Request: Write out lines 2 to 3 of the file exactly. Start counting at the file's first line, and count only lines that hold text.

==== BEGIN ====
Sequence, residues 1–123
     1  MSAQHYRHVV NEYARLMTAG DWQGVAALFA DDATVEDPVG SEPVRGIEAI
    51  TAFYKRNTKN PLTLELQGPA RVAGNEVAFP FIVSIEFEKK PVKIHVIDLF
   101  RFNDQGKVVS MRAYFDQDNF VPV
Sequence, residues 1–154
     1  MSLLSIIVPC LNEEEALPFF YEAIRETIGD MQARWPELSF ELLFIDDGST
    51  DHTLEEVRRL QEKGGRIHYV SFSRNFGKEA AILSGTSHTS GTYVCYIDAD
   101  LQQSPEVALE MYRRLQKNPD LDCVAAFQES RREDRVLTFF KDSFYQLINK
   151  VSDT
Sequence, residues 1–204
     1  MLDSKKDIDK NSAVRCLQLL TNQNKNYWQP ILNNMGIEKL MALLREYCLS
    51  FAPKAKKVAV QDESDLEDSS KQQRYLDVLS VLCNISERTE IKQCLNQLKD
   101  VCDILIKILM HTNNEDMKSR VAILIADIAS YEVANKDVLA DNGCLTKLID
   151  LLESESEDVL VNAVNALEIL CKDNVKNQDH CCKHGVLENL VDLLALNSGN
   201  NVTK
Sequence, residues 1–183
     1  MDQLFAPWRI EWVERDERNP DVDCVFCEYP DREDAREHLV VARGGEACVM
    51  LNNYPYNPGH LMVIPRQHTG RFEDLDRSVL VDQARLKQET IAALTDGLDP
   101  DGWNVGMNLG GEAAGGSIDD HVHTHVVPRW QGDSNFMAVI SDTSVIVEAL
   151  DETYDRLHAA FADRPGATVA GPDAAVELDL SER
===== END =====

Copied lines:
     1  MSAQHYRHVV NEYARLMTAG DWQGVAALFA DDATVEDPVG SEPVRGIEAI
    51  TAFYKRNTKN PLTLELQGPA RVAGNEVAFP FIVSIEFEKK PVKIHVIDLF